Friday, October 26, 2007

Vatican sells the Illuminati's 'Murdered Magicians' transcripts
The library of the occult gets fatter every day. Here in the belly of the New Age, the average bookstore carries "ancient secrets" and "hidden wisdom" by the metric ton. But literature ABOUT the occult, of the history of occult ideas and their influence on important people, is skimpy and often unreliable. It's hard to find an honest scholar among the mystagogues and Fundamentalists.

The Knights Templar, their trial and execution, and the subsequent myth that developed about them. The Knights Templar were a religious militant order which was founded during the middle ages to contribute to the Crusades. They took vows of "poverty, chastity, and obedience", and lived as monk-soldiers. However, these warrior-monks amassed a great deal of wealth, which likely prompted the jealousy of King Philip the Fair. They were charged with heresy and various other crimes (including bizarre sexual practices and the worship of an idol, Baphomet), and were subsequently tried and murdered. Whether or not the Templars were indeed the heretics they were presented to be, or whether they were framed by King Philip, is a question that history has come to inquire. Because of the bizarreness of the accusations (and later the confessions) made against (by) the Templars, their cause has been taken up by many writers of myth and history since their trial. Further, many secret societies and masonic organizations claim them as their antecedants. This book deals with the history of the Templars and this myth which they have given rise to.

THE MURDERED MAGICIANS starts off on familiar ground. We meet the historical Templars themselves, fresh from the Crusades, returning to France, getting rich in the Church market and drawing the wrath of the odious Philip the Fair. There is the famous midnight arrest and the subsequent "trial". There are the usual confessions of heresy and sodomy extracted under torture. Then there is the stake, where most accounts of the Templars end. In Dr. Partner's history of ideas, though, the stake was just the beginning.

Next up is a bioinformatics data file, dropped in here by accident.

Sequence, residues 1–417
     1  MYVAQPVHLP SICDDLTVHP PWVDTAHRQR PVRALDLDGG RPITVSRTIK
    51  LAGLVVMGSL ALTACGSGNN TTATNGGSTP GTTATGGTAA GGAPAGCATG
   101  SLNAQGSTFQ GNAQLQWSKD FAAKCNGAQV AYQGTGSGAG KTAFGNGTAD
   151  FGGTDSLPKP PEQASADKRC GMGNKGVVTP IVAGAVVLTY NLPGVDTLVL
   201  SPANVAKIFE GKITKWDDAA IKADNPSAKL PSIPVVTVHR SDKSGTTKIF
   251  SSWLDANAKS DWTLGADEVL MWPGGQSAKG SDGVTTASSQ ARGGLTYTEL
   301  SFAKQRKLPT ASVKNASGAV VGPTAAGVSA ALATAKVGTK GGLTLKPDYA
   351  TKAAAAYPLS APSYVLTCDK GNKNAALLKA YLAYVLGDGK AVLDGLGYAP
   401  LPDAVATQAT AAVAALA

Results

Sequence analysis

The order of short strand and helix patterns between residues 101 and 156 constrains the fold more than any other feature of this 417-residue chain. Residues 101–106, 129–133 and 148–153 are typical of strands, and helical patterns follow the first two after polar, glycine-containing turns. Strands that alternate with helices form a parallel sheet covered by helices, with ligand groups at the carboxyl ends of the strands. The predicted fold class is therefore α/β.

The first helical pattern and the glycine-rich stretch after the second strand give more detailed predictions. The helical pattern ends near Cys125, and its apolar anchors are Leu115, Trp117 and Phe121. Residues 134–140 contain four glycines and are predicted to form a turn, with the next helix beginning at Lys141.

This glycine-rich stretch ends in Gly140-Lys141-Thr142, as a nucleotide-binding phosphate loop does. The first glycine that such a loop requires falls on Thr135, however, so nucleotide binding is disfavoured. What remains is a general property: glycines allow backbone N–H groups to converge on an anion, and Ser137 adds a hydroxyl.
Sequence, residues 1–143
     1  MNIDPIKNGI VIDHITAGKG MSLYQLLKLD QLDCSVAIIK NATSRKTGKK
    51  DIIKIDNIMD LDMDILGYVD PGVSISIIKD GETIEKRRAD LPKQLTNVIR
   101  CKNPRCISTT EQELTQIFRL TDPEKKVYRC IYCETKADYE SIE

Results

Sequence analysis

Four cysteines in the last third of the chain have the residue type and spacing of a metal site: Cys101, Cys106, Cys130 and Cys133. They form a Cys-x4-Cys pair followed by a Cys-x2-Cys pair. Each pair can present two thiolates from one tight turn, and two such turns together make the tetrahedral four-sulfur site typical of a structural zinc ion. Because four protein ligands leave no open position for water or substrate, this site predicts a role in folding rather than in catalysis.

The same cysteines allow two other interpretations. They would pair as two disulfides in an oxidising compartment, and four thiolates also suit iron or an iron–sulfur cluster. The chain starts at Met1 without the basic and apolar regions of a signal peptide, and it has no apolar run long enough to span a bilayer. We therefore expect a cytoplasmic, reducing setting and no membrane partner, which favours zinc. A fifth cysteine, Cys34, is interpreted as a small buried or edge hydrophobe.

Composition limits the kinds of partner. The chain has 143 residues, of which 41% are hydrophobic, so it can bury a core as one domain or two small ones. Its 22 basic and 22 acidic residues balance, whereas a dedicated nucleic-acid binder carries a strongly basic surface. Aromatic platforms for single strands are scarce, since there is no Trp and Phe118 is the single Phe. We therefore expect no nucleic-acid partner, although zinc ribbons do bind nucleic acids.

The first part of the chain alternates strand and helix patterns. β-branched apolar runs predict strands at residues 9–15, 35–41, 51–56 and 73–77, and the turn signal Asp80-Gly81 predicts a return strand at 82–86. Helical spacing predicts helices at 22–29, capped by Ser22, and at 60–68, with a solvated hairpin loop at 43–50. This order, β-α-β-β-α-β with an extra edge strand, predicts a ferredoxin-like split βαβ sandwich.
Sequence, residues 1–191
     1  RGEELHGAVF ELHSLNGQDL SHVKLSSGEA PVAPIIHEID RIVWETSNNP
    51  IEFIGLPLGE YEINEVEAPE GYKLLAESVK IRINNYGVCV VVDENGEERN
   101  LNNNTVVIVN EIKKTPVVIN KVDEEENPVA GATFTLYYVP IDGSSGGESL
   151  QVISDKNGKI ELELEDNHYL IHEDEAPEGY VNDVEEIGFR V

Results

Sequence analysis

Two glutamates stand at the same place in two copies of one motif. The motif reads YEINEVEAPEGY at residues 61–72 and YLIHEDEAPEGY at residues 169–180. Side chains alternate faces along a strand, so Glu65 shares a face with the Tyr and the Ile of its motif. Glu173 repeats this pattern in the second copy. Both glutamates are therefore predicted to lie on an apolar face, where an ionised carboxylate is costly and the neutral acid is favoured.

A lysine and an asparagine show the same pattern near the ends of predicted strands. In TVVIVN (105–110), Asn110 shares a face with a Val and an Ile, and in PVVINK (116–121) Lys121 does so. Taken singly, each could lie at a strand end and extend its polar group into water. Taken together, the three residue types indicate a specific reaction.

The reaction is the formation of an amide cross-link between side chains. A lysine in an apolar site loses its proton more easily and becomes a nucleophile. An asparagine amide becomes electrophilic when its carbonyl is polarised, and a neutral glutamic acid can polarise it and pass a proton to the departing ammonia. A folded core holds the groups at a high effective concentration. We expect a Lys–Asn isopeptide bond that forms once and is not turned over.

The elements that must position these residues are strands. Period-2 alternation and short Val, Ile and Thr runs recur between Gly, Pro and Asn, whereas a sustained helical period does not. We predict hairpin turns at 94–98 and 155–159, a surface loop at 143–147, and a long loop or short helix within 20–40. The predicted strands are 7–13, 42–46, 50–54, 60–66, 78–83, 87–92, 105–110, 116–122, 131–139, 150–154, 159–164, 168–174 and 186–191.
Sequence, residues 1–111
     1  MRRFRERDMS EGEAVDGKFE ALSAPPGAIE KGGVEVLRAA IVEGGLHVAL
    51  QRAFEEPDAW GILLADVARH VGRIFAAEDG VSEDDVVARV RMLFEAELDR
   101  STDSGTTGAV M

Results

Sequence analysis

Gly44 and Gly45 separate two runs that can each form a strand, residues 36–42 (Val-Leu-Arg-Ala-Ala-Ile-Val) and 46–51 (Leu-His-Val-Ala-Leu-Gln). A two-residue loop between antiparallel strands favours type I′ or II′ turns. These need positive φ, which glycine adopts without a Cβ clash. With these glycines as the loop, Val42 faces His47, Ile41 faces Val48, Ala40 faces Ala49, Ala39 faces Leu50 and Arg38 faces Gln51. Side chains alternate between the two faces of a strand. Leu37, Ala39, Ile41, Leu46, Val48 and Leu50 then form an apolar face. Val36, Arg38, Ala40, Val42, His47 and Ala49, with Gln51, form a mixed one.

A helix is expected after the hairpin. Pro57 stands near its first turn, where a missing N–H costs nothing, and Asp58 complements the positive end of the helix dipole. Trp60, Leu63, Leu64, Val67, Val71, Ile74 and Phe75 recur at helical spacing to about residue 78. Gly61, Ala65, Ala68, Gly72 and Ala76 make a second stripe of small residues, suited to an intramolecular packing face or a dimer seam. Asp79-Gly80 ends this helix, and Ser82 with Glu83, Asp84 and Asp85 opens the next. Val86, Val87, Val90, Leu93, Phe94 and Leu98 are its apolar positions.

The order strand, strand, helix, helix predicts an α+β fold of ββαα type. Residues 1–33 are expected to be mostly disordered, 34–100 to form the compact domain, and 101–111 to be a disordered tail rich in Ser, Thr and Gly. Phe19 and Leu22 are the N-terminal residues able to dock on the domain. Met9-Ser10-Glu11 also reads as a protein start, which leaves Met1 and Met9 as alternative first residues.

Jacques de Molay and his cohorts did not rest easily in their graves. As the years passed, Templar stories and rumors became grander with each telling. Finally, these illiterate Crusaders from the lowest ranks of the aristocracy emerged as powerful sorcerers who used ancient magical secrets for their own mysterious ends. At least that's what everybody thought.

There had been charges of black magic from the start. In the "trial" itself, the Templars were accused of worshipping an idol called "Baphomet" -- a French corruption of "Muhammad" -- which they supposedly picked up from the Muslim conquerors of the Holy Land. (Of course, the idea that ANY Muslim would worship an image of Muhammad says more about the parochial mentality of the European Church than anything else.)

In the 1500's, the magical fame of the Templars spread from the pen of Henry Cornelius Agrippa, a sort of Renaissance Shirley McClaine whose works were highly popular and influential. In DE OCCULTA PHILOSOPHIA, Agrippa set about classifying the "good" and "bad" schools of magic. He placed the Templars in the latter category, along with the Gnostics and folk witches.

The Templar myth did not attain its full potency until the eighteenth century. If it seems odd that occult gossip would thrive in the Age of Enlightenment, it must be remembered that Reason was just one part of the Enlightenment hodge-podge. Alchemy and Cabala seemed just as important to the educated minds of the day. Also, the new liberal climate produced a lot of nostalgia for the good old days of noble status and "chivalry". Thus we see Elias Ashmole, chemist, bibliographer, and one of the founders of the Royal Society of London, writing sentimentally of the Templars.